The global chip shortage is not the only aspect currently affecting supply chains around the world. New research from the NCC Group illustrates that the number of cyberattacks on these supply chains increased by over half (51%) during the period from July to December of 2021. With the number of attacks increasing during this time frame, it is more important than ever for organizations to reduce the amount of risk their supply chains may be under to avoid being attacked.
The study, which surveyed 1,400 cybersecurity decision makers, found that 36% said that they are more responsible for preventing, detecting and resolving supply chain attacks than their suppliers. Just over half (53%) said that their company and its suppliers are equally responsible for the security of supply chains.
“Many organizations work closely with their suppliers by integrating them into their infrastructures to increase efficiencies and strengthen operations, but this can increase their cyber risk by widening their potential attack surfaces,” said Arina Palchik, global commercial director of remediation at NCC Group. “Security gaps in supply chains can lead to leakage of customer data and serve as entry points for ransomware attacks, and our latest research suggests that hackers are increasingly targeting organizations through their suppliers, with attacks up by 51% in the last six months of 2021.”
Why supply chain cyberattacks are on the rise
Some of the responsibility does fall on the organizations themselves however. Nearly half of organizations don’t stipulate security standards for their suppliers, and one-third don’t regularly monitor and risk assess their suppliers’ cybersecurity arrangements. Because of these gaps, only one-in-three businesses surveyed are confident they can respond quickly and effectively to a supply chain attack if the need arises. Just 34% of security decision-makers said they would classify their organization as being “‘very resilient”’, signaling a need for quicker response times and better frontline security to help avoid being attacked.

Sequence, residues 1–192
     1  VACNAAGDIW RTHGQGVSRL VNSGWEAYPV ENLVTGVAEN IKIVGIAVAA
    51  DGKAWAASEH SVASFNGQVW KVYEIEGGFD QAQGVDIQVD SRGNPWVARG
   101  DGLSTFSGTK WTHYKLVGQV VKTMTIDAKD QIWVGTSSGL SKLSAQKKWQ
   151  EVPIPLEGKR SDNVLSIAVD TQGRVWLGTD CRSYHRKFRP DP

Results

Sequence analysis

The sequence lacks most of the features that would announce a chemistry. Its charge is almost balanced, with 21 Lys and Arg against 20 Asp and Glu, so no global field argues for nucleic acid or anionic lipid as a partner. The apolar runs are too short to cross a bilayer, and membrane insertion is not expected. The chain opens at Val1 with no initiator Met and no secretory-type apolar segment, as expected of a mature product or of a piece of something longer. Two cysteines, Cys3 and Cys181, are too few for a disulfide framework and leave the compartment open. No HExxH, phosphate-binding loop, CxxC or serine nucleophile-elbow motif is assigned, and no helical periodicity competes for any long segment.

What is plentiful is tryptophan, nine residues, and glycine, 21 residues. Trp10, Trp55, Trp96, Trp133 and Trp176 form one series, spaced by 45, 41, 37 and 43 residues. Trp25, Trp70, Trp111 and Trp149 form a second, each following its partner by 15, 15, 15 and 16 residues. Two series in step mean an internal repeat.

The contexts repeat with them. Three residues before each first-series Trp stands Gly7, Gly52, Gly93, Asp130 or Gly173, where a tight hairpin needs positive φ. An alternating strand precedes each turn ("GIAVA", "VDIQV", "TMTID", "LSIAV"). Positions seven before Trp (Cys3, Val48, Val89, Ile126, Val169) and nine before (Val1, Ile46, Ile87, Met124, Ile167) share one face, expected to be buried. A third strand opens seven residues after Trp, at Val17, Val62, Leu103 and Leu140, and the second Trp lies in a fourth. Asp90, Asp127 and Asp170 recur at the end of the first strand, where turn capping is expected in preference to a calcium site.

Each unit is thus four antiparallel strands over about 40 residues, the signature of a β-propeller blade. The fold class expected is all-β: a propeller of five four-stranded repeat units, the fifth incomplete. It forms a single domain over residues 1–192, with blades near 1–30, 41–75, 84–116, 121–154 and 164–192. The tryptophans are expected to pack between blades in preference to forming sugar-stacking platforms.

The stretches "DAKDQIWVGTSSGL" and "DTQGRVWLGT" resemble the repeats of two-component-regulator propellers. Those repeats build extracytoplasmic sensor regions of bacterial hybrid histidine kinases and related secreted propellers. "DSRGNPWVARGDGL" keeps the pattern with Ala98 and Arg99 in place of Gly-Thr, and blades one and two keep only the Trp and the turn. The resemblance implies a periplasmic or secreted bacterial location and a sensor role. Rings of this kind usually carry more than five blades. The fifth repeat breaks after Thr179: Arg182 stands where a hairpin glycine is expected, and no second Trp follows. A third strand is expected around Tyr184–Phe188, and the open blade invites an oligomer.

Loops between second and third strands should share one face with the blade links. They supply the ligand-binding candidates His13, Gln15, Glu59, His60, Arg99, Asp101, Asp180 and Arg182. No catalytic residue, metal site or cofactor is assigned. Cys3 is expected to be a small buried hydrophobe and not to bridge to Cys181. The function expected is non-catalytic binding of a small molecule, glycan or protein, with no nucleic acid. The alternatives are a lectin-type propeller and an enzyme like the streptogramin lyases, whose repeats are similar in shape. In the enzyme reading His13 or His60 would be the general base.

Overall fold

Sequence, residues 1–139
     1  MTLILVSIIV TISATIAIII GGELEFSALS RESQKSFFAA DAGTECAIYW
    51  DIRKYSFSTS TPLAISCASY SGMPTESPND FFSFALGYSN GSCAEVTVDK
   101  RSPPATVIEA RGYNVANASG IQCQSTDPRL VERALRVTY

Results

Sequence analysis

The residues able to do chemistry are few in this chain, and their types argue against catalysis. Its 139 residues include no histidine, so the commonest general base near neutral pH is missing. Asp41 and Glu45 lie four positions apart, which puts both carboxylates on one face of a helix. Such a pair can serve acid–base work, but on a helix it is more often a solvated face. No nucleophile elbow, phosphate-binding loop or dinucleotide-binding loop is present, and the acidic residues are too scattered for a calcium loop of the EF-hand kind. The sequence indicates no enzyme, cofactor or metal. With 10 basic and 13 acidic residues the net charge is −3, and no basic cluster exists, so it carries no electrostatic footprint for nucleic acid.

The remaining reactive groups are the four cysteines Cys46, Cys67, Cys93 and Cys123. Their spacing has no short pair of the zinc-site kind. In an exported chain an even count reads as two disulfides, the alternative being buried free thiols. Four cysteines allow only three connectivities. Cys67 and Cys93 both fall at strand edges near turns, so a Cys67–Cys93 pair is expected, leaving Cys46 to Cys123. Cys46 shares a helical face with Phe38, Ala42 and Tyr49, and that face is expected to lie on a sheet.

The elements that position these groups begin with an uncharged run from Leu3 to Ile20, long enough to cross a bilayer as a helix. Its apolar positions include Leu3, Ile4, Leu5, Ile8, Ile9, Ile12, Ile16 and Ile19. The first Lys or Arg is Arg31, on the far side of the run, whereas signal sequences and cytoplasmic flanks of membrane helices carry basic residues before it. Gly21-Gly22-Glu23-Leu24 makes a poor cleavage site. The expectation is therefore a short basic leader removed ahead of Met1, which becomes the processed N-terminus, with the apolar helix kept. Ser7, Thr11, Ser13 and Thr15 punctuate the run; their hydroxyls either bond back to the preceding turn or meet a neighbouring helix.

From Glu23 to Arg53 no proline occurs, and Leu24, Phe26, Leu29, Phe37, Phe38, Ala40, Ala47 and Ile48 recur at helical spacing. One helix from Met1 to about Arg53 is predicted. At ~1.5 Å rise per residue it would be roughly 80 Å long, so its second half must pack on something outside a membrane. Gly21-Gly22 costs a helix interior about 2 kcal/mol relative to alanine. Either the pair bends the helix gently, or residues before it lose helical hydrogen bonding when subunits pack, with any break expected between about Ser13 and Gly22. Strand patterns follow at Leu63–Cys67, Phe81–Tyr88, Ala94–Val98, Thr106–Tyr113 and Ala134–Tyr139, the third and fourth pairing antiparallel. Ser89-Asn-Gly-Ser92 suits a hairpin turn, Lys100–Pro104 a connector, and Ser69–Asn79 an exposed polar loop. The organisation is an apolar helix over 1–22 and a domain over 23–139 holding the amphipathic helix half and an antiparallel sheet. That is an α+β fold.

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With the number of supply chain disruptions growing, many of the respondents recognize this to be an issue moving forward. Third-party and supplier risk was listed by those surveyed as a major challenge over the next six to 12 months and it’s easy to see why. The chip shortage is not expected to make matters easier either, as global supply chains for items ranging from computer chips to consumer goods could experience shortages for up to another two years.
For enterprises, this extended disorder creates numerous cybersecurity risks and issues, along with operational ones. One example comes in the form of the Log4j security vulnerability that saw supply chains experiencing difficulties when it came to keeping track of and patching flaws in cybersecurity designed to protect these chains.
Steps businesses can take to avoid attacks
On a positive note, with companies realizing that supplier risk is one of their biggest challenges, action is being taken to avoid these issues. Of the security decision-makers surveyed, a consensus was found that security budgets were expected to increase by an average of 10% during 2022 to help avoid the risk posed to supply chains around the world.
“It’s encouraging that organizations recognize supplier risk as one of their top challenges for 2022,” Palchik said. “However, our findings uncovered specific areas for improvement including clarity around responsibility for preventing, detecting and resolving attacks and lax controls for supplier assurance. It’s important that any investment in security addresses these areas to reduce third-party risk and enable organizations to work with their suppliers in confidence.”
Outside of strictly budget, the following areas were expected to be focuses for businesses in the year ahead:
- Threat detection and response
- Cybersecurity reviews and assessments
- Security awareness and training for employees
- Training and testing both infrastructures and applications
The NCC Group notes that if the requisite steps above are taken and the necessary amount in budget is delegated to these fixes, it could be crucial in detecting, preventing and responding to a malicious attack in the future. By reducing the risk inherent with supply chains, it could potentially mean saving exorbitant amounts of not only time, but revenue moving forward.